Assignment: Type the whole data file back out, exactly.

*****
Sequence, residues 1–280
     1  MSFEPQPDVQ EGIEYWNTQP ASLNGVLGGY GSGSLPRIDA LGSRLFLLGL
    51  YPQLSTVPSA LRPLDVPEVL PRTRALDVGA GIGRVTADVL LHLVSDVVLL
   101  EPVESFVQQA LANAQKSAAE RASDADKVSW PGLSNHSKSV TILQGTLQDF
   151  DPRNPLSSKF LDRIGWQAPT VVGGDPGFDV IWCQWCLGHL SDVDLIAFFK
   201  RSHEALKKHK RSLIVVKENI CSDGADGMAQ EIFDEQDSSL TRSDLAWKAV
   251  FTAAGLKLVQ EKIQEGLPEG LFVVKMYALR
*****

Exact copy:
Sequence, residues 1–280
     1  MSFEPQPDVQ EGIEYWNTQP ASLNGVLGGY GSGSLPRIDA LGSRLFLLGL
    51  YPQLSTVPSA LRPLDVPEVL PRTRALDVGA GIGRVTADVL LHLVSDVVLL
   101  EPVESFVQQA LANAQKSAAE RASDADKVSW PGLSNHSKSV TILQGTLQDF
   151  DPRNPLSSKF LDRIGWQAPT VVGGDPGFDV IWCQWCLGHL SDVDLIAFFK
   201  RSHEALKKHK RSLIVVKENI CSDGADGMAQ EIFDEQDSSL TRSDLAWKAV
   251  FTAAGLKLVQ EKIQEGLPEG LFVVKMYALR